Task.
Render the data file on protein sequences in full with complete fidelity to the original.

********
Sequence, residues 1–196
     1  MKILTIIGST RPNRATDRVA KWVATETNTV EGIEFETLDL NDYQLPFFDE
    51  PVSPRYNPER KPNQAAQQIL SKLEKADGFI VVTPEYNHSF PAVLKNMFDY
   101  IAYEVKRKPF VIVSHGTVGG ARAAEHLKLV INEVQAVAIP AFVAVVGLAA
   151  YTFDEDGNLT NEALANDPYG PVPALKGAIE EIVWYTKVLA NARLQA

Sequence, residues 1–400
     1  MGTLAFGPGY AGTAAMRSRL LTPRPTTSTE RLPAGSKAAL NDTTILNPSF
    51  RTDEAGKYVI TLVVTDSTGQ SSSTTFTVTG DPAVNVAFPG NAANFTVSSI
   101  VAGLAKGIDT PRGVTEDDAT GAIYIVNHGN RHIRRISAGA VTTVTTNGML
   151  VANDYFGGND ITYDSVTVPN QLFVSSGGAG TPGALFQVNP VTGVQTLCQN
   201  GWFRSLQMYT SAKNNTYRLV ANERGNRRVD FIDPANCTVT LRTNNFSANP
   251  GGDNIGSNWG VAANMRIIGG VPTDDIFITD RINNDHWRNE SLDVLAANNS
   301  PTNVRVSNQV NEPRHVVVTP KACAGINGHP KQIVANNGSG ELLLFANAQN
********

Sequence, residues 1–196
     1  MKILTIIGST RPNRATDRVA KWVATETNTV EGIEFETLDL NDYQLPFFDE
    51  PVSPRYNPER KPNQAAQQIL SKLEKADGFI VVTPEYNHSF PAVLKNMFDY
   101  IAYEVKRKPF VIVSHGTVGG ARAAEHLKLV INEVQAVAIP AFVAVVGLAA
   151  YTFDEDGNLT NEALANDPYG PVPALKGAIE EIVWYTKVLA NARLQA

Sequence, residues 1–400
     1  MGTLAFGPGY AGTAAMRSRL LTPRPTTSTE RLPAGSKAAL NDTTILNPSF
    51  RTDEAGKYVI TLVVTDSTGQ SSSTTFTVTG DPAVNVAFPG NAANFTVSSI
   101  VAGLAKGIDT PRGVTEDDAT GAIYIVNHGN RHIRRISAGA VTTVTTNGML
   151  VANDYFGGND ITYDSVTVPN QLFVSSGGAG TPGALFQVNP VTGVQTLCQN
   201  GWFRSLQMYT SAKNNTYRLV ANERGNRRVD FIDPANCTVT LRTNNFSANP
   251  GGDNIGSNWG VAANMRIIGG VPTDDIFITD RINNDHWRNE SLDVLAANNS
   301  PTNVRVSNQV NEPRHVVVTP KACAGINGHP KQIVANNGSG ELLLFANAQN